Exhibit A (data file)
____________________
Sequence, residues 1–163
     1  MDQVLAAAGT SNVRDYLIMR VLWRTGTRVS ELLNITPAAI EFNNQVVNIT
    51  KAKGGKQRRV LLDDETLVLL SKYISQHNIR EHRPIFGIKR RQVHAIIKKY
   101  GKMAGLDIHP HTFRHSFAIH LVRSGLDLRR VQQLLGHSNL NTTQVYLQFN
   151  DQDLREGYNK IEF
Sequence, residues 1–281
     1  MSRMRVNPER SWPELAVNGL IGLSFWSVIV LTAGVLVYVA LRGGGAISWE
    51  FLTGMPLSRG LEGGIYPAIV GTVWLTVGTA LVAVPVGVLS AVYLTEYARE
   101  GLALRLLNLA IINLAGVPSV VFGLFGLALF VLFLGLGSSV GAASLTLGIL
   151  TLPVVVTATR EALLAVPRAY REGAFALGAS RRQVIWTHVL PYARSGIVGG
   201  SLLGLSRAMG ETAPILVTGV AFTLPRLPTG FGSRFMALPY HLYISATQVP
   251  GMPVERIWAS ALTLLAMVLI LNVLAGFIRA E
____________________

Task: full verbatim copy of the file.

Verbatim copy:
Sequence, residues 1–163
     1  MDQVLAAAGT SNVRDYLIMR VLWRTGTRVS ELLNITPAAI EFNNQVVNIT
    51  KAKGGKQRRV LLDDETLVLL SKYISQHNIR EHRPIFGIKR RQVHAIIKKY
   101  GKMAGLDIHP HTFRHSFAIH LVRSGLDLRR VQQLLGHSNL NTTQVYLQFN
   151  DQDLREGYNK IEF
Sequence, residues 1–281
     1  MSRMRVNPER SWPELAVNGL IGLSFWSVIV LTAGVLVYVA LRGGGAISWE
    51  FLTGMPLSRG LEGGIYPAIV GTVWLTVGTA LVAVPVGVLS AVYLTEYARE
   101  GLALRLLNLA IINLAGVPSV VFGLFGLALF VLFLGLGSSV GAASLTLGIL
   151  TLPVVVTATR EALLAVPRAY REGAFALGAS RRQVIWTHVL PYARSGIVGG
   201  SLLGLSRAMG ETAPILVTGV AFTLPRLPTG FGSRFMALPY HLYISATQVP
   251  GMPVERIWAS ALTLLAMVLI LNVLAGFIRA E